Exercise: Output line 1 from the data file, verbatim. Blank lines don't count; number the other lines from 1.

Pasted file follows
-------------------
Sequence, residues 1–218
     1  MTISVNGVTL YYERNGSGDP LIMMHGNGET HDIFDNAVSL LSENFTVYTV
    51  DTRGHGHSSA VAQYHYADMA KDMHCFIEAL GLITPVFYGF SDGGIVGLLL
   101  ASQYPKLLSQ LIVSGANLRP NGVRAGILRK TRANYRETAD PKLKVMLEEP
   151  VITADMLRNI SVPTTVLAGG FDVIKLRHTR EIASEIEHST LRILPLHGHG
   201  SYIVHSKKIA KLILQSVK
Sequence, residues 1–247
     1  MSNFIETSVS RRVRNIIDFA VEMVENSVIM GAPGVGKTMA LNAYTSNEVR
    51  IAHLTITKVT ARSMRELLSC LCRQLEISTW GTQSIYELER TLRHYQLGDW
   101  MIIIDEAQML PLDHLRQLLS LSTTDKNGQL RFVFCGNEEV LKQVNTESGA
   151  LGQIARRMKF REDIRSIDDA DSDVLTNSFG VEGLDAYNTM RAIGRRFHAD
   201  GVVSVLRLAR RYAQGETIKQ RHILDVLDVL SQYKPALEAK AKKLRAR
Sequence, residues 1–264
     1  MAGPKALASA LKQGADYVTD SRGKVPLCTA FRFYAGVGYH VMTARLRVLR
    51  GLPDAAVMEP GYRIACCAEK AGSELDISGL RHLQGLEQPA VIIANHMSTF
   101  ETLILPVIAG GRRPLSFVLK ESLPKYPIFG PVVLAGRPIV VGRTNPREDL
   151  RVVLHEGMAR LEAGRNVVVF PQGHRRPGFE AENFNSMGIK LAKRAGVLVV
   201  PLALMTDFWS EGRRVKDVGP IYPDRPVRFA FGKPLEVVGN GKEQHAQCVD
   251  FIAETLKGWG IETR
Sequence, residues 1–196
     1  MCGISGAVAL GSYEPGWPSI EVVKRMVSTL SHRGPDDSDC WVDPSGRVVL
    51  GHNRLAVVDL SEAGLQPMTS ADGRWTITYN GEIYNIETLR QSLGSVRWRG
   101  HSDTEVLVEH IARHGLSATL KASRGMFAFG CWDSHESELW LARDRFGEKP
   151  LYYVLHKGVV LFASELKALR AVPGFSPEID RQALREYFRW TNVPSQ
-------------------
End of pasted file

Sequence, residues 1–218